How Is Marital Property Divided?

The purpose of equitable distribution is to achieve a fair distribution of what the parties acquired during their marriage. The term “equitable” does not necessarily mean that the property will be divided equally. Courts regularly fashion equitable distribution awards which consider marital waste, separate property credits, passive and active appreciation of assets, and the like.

What Property Is Not Subject to Equitable Distribution?

There are several categories of property not subject to distribution. The major ones are (I) property acquired before the marriage which was maintained separately from marital assets and (II) gratuitous transfers by way of gifts, devise, or bequests from third parties.

How Is Spousal Support (Alimony) Calculated?

Today, alimony is known as “maintenance” or “spousal support.” The presumptive amount of spousal support due to the less monied spouse is now determined by a statutory formula. This formula can be found on the New York Courts website or by clicking the link below and following the directions.

It is important to note that a final award of spousal support, while also subject to a statutory calculation, will also require an in-depth case-by-case analysis. The factors considered by a Court in fashioning the amount and duration of a final maintenance award include the following:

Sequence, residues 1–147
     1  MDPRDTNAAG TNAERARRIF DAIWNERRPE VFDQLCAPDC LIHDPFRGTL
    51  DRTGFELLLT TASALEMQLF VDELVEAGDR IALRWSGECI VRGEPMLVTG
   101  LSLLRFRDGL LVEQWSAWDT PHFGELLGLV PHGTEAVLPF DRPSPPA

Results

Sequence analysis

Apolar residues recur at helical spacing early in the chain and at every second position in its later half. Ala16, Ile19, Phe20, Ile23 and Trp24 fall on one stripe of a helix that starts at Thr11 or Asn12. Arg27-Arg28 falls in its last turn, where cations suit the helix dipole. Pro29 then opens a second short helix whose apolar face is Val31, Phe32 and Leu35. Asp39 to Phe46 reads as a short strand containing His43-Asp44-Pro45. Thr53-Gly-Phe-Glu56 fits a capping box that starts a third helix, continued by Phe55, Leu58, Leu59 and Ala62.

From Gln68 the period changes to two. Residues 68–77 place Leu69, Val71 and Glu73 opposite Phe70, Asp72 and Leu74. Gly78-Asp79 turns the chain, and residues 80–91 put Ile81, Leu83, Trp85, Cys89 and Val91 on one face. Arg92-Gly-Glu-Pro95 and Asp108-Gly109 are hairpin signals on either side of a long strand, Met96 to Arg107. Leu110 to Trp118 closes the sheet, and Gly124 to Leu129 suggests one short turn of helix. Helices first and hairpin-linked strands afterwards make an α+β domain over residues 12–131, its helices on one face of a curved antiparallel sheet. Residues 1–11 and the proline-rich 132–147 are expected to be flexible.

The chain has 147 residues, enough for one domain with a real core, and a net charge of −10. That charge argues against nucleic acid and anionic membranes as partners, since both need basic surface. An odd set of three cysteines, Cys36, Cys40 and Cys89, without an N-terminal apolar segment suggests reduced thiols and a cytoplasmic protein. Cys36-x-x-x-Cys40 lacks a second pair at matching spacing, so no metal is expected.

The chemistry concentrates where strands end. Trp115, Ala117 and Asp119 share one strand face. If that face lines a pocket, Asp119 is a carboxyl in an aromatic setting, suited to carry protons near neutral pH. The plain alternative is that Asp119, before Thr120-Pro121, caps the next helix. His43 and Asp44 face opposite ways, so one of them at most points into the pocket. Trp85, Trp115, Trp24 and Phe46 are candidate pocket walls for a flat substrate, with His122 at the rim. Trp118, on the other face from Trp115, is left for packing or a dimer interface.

• The disparity of income between the parties.
  • The present and future earning capacities of the parties.
  • The duration of the marriage.
  • The health of the parties; and
  • The presence or absence of young children

Generally, spousal support is granted for a set period of time (often referred to as “durational maintenance”) so that the party receiving support can get back on their feet after the termination of the marriage. The length of time support is required to be paid by the payor spouse to the payee (less monied) spouse is set by formula and consists of a “hi-low” range. It is up to the Court to determine what duration is appropriate on a case-by-case basis. In some, very rare instances, spousal support is awarded on a permanent basis due to a party’s age (about 60 or older) or in cases of a physical or mental disability.

I hope this overview of the New York Divorce process answered some of the questions you may be facing as you contemplate a divorce. If you have any additional unanswered questions, please call us today. The attorneys at Barrows Levy PLLC regularly represent spouses in simple and complex divorce actions within the New York Metro Area, Nassau, and Suffolk Counties. We offer private, confidential FREE consultations.